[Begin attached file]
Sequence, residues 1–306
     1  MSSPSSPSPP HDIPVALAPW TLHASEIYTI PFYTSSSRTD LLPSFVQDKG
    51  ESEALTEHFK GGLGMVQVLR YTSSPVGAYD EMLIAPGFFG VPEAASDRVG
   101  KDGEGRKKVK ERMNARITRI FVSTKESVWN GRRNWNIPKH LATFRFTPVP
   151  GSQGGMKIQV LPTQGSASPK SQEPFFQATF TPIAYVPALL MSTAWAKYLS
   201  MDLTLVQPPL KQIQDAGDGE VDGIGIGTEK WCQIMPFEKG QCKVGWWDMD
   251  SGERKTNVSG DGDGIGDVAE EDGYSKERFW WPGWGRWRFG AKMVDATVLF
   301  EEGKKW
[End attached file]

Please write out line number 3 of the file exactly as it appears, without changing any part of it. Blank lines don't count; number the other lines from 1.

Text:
    51  ESEALTEHFK GGLGMVQVLR YTSSPVGAYD EMLIAPGFFG VPEAASDRVG